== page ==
To set up an environment for a Sitecore 9.2 project, we used the Sitecore Installation Framework (SIF) 2.2.0 to create environments on our server and its supporting architecture before any regular deployment process was in place. This involved 6 stages of precise configuration:

  • Creating environments
  • Enabling PowerShell remoting on servers
  • Sitecore Integration Framework
  • Creating an app pool
  • Physical path hardcoding
  • Certificate permissions

Creating environments

To get started we decided to run our environment on separate Content Management (CM) and Content Delivery (CD) environments, as well as the Identity and SOLR servers. We also used XM1 topology due to the complexity of Sitecore XP1. The main difference between XM1 and XP1 is the lack of xConnect.

Improvements to Sitecore Installation Framework 2.0 since its release include pre-built PowerShell scripts which run the bundle of .json files containing SIF commands automatically.

One of these out-of-the-box scripts is the XM1-Distributed.ps1 script. This is a great start but needed additional set-up because it runs on a single computer and executes tasks on many other servers via PowerShell remoting. This is important as it lowers the complexity of spinning up a new XM1 Sitecore instance.

Enabling PowerShell remoting on servers

To enable PowerShell remoting on servers, four key processes were required to configure each of the servers we were planning on deploying to. This included our development environment, the SOLR server and the SQL server.

1. Create a valid computer authentication certificate which cannot be self-signed. Luckily Codehouse has a certification authority capable of generating internally valid certificates. If you have a certification authority you can follow the steps below to generate a computer authentication certificate:

(a) Check for an internally valid certificate by opening ‘certlm.msc’ and checking Personal > Certificates. If there’s a certificate with the ‘Certification Template' of Computer and the ‘Issued To’ field containing the computer’s name, then this has already been set up. If not (most likely) a new one needs to be generated

(b) Generate a computer certificate by right-clicking anywhere in the ‘certlm.msc’ window and selecting All Tasks > Request new Certificate. From here select ‘Next’ and ‘Next’. On the subsequent screen there’s a selection of  certificate types. Tick the box next to ‘Computer’ and expand ‘Details’ then select ‘Properties’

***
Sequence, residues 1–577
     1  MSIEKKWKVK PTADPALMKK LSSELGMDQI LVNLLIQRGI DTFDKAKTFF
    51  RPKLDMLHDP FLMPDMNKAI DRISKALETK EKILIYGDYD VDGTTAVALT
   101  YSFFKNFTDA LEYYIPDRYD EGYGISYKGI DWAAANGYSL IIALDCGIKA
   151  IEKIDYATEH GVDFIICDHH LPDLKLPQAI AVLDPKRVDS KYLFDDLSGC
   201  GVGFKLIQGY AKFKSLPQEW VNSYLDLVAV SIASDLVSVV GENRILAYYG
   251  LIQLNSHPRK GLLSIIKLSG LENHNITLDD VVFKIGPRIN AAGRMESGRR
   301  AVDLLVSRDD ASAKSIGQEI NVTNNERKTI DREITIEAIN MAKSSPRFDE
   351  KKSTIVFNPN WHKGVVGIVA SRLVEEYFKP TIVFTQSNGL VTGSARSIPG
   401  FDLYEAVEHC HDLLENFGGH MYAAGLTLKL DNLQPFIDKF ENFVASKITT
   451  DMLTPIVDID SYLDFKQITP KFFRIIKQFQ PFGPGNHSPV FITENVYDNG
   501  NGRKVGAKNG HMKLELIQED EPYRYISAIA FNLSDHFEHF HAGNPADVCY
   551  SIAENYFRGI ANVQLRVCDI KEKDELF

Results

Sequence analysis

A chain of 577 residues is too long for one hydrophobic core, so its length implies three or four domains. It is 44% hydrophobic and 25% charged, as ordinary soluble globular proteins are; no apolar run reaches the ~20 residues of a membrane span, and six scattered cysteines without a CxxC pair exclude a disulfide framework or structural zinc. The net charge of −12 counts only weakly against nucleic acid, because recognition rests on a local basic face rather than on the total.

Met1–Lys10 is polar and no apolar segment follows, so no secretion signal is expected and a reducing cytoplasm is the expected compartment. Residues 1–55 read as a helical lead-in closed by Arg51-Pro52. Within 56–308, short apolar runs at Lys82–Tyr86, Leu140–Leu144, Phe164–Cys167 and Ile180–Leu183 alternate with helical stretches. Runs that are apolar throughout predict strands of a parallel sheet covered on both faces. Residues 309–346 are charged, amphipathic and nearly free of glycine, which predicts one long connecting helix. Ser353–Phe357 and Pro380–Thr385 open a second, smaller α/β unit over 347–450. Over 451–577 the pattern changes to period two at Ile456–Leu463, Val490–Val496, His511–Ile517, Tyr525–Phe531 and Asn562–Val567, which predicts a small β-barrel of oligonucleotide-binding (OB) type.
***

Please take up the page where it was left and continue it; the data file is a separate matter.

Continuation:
(c) Enter reasonable values using a friendly name and description. Select the tab ‘Subject’ and in the top-most dropdown list choose ‘Common name’. For value, use the fully qualified computer name

(d) Click ‘OK’ and finally ‘Enroll’. A success message about certificate generation is displayed

2. To enable HTTP traffic through ‘winrm’ execute the command ‘winrm quickconfig -transport:https’ on the command line. If this fails it implies the generated computer authentication certificate isn't valid.

3. By default a Firewall Exception for ‘winrm HTTPS’ traffic doesn’t exist so one needs to be created by:

(a) Accessing the ‘Windows Defender Firewall with Advanced Security’ program. Select ‘Inbound rules' and use the button on the right to create a ‘New Rule’

(b) Select the options: Port > Next > TCP > Port 5689 > Next > Allow the Connection > Next > Next. Use a descriptive name like: WINRM HTTPS traffic’> Finish

(c) From the console run the command ‘Enable-PSRemoting’

Sitecore Installation Framework

It’s easy to assume that the correct values are present in the ‘XM1-Distributed.ps1’. Best practice is to check before installation to ensure they are – if they’re not then populate the correct values and then install. Before we get into that below are some 'gotchas' that may help: